last week’s item on the ACT redistribution, a Labor staffer writes: “I
thought I might draw your attention to a gerrymander that has been
happening in Australian politics for a long time.
last election the Libs passed legislation to save Dave Tollner’s NT
seat of Solomon as it was going to be abolished at the last Federal
election. However, the same thing would not be done for the ACT to
increase the two seats to three as those seats are likely to go to
Labor. After the ACT redistribution, the seat of Canberra will have
approx. 119,422 constituents – more than double Solomon’s most recent
roll figures of 54,725. The government refuses to act because the ACT
is safe Labor territory.”
She’s quite right – Territory representation is a scandal. On the latest enrolment figures, as at 31 May (here),
the Northern Territory has 111,527 voters for its two Reps seats. The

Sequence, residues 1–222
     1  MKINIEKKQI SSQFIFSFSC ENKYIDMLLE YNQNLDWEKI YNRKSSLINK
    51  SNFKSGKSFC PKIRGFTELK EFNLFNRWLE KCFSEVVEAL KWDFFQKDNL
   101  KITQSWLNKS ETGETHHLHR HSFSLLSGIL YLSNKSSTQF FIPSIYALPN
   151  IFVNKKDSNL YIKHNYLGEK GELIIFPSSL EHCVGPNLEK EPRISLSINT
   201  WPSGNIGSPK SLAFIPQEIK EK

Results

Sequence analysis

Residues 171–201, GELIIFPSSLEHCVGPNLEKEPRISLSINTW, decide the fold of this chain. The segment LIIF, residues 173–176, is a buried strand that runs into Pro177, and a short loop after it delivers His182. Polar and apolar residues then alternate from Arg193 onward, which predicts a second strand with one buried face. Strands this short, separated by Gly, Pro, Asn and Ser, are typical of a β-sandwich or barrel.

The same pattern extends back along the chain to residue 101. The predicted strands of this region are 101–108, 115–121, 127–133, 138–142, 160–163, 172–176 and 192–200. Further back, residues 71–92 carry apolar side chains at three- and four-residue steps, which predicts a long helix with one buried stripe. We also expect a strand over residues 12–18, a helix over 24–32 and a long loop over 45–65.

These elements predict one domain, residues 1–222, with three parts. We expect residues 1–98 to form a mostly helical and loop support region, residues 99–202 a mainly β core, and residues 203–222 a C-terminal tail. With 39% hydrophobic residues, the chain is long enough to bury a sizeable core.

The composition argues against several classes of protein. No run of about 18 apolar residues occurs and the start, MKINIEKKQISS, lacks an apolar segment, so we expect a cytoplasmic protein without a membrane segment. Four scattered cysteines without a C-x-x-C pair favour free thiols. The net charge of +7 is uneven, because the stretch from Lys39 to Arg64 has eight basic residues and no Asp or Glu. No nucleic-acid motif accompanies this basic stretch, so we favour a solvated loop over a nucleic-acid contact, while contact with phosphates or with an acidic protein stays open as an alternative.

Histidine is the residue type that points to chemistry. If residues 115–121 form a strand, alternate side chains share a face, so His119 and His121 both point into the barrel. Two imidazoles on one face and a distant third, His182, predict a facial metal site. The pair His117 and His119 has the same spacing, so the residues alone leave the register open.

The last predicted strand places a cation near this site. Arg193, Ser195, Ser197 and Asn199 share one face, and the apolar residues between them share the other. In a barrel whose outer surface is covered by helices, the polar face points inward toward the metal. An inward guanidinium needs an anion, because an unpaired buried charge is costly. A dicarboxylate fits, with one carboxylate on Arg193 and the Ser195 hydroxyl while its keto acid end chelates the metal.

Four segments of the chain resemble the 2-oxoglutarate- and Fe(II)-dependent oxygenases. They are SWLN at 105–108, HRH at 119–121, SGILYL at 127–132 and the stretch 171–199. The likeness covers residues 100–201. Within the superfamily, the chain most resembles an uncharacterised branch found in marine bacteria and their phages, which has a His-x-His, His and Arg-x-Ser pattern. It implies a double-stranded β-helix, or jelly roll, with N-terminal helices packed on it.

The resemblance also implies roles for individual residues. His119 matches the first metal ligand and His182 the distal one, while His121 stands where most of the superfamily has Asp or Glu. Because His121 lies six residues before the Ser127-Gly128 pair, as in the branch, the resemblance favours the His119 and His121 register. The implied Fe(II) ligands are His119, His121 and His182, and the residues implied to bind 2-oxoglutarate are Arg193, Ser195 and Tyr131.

ACT has more than twice as many – 231,493 – but still only gets two
Part of the reason is that the formula for calculating
entitlement uses population, not voters, and the Northern Territory has
far more non-voters than the ACT. In the case of the states, the
Constitution requires this; that’s why South Australia’s seats are
significantly larger than Western Australia’s. But for the territories,
where the anomaly is much greater, parliament can and should correct it.
Instead, they went the other way: the government, with Labor support, passed the Commonwealth Electoral Amendment (Representation in the House of Representatives) Act 2004 which
provides for the Northern Territory to retain its second seat even
though, on the 2003 calculation of population, it had fallen slightly
below the relevant quota. And once political interference with the
system has started, it’s hard to stop: now Fischer has co-authored a proposal
to doctor the figures again to give the ACT a third seat; that would
correct one problem, but it would leave both territories
over-represented compared with the states.
For a better solution
we could move to a democratic electoral system, like New Zealand’s,
where size of electorates is relatively unimportant because overall
representation is decided by the totals of votes.